Chrome VS Firefox VS Safari, which browser do you use? Which browser offers the best experience? I get asked all the time what browser I use and why. I also ask people all the time why they use certain browsers. It’s interesting to hear peoples opinions. My favourite browser is Chrome, I find it fast, reliable and it can handle anything I throw at it. I am always running multiple tabs, opening links in new tabs, loading multiple videos at once, etc. And Chrome takes it all in it’s stride. But other than that, I find it hard to explain why I prefer Chrome. It’s the little things that make a difference I find, so I decided to go into more details and think a little deeper about one of the most used and useful tools on a computer, the browser.


Modified from University of Wisconsin Archive Images with inspiration from



When Chrome was first released, I LOVED that I no longer needed a search bar and an address bar. Anything that you typed into the address bar that wasn’t a URL, Chrome does an instant Google search for you. It didn’t take Firefox long to catch onto this idea and integrate it into their browser a few releases later. It took Safari much longer, but Safari 6 now offers this as default in their browser. One thing to note is that not all ‘omnibars’ are created equal. While Chrome and Safari can search anything in the address bar, Firefox has some troubles sometime when using special characters as the first character of a search. For example, if you wanted to search a hashtag in Firefox, it would return the result as an error. To circumvent this, you have to go Googles homepage first, then do the search from within the browser.



As I mentioned above, I use a LOT of tabs in my browser. I think Chrome handles tabs the best out of any other browser for a few reasons. One reason is that it can simply fit in more tabs than any other browser. It consenses the tab and makes them really small which is a great feature. Firefox and Safari’s tabs will not shrink past a certain size, which means you have to scroll through your tabs from a button on the right of the screen. Less than ideal.

Another great feature of Chromes tabs is that when you are closing them, they don’t change size until you move your cursor. This makes it really easy to close multiple tabs fast. Just hover over the close button and keep clicking. You do not have to move your cursor around finding the correct close button on each tab. On Firefox and Safari when you close a tab, the other tabs resize immediately, making it inconvenient to close multiple tabs in a row.

The final thing that I like about the tabs in Chrome is the ability to pin them as app tabs. If you right click a tab and pin it, it will then shrink and stick to the start of your row of apps. I use app tabs for sites that I visit regularly like email. This feature is also available in Firefox, but not Safari and is one of the main reasons I don’t use the new Safari more often.



It’s important to have your PDF’s open natively in a browser window. It’s a hassles to have to download them and then open them in a viewer. I think Safari was the first browser to support this, but Chrome also now has this feature integrated. Unfortunately Firefox has still not caught up. It’s possible in Firefox but you have to modify the original software with an add on to allow this function.



When I first started using Firefox’s sync feature, I could stop lugging a computer between work and home and work totally from the cloud. This sync feature is great as it allows you to save all of you passwords, history, cookies, bookmarks, etc. in the cloud and sync it with any computer you use. So when you have your browser synced, the saved passwords that you used at work, are now also saved at home on your browsers. Firefox offers this, but the inital sync up is hard as you have to enter serial numbers that seem to expire, so you really need both computers at the same place, at the same time to initially make this happen. Chrome uses your Google account to sync your information, making it really easy to use. Safari offers a syncing feature through iCloud, however it only syncs opened tabs, no other information.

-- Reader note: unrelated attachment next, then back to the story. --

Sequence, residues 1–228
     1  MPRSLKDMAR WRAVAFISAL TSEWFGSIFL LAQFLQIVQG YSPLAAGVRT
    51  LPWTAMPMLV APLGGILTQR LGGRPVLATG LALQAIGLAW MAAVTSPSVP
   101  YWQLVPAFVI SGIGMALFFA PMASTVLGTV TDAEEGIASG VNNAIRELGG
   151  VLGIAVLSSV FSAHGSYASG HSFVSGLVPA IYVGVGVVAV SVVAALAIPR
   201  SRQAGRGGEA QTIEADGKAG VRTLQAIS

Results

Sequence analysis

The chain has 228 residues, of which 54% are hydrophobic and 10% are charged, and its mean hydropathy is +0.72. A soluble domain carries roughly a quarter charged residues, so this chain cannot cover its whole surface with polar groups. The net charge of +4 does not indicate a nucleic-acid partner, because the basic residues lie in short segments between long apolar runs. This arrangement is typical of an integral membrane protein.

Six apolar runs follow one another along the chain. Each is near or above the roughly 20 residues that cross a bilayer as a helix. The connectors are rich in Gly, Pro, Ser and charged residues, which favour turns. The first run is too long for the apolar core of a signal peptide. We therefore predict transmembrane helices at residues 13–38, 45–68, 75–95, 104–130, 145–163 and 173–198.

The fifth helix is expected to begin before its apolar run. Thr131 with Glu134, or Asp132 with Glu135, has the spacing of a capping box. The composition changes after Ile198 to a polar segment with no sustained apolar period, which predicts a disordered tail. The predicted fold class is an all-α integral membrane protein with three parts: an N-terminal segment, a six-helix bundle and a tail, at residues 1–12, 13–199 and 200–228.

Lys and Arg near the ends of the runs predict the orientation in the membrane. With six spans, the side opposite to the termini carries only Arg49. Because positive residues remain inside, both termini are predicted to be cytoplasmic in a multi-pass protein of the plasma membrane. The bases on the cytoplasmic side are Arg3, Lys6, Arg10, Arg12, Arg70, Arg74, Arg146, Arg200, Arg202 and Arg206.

Once again, Chrome shows how advanced it is by creating an app store. You can download a range of different apps into your browser. My favorite is offline mail, incase your away in a distant land without internet connection, you can still view, read, compose, send and reply to mail (obviously the mail you send to will not be sent until you reestablish an internet connection).



The final nail in the coffin is Chrome’s remote desktop feature. If you wish to, you can use Chrome to control a remote computer, anywhere in the world, as long as you and the computer you want to access has Chrome, an internet connection and someone at the other end allowing the connection to happen. Just download the app and it walks you through the whole process. This is a super powerful tool that usually costs a considerable amount of cash. However, Chrome allows the download of this app for free!



In summary, as you can see from the table below, Chrome comes out a clear winner in usability and innovation. I highly recommend using it on any computer you have. Firefox comes along close behind, in second. Unfortunately, in my opinion, even with the recent advancements, Safari 6 has a long way to go if it wants to be competitive.

Chrome and Firefox can be download for free from their respective website:

Download Chrome here

Download Firefox here

Safari comes preinstalled on all Mac computer. Safari 6 comes free with OSX Mountain Lion, is available in OSX Lion, but is not available on any other version of OSX .




Address bar search

✓ (only with Safari 6)

Fully function address bar

Narrow tabs

Tabs don’t move when closing

Pinable app tabs

PDF viewer

with add on


only tabs

App store

Remote desktop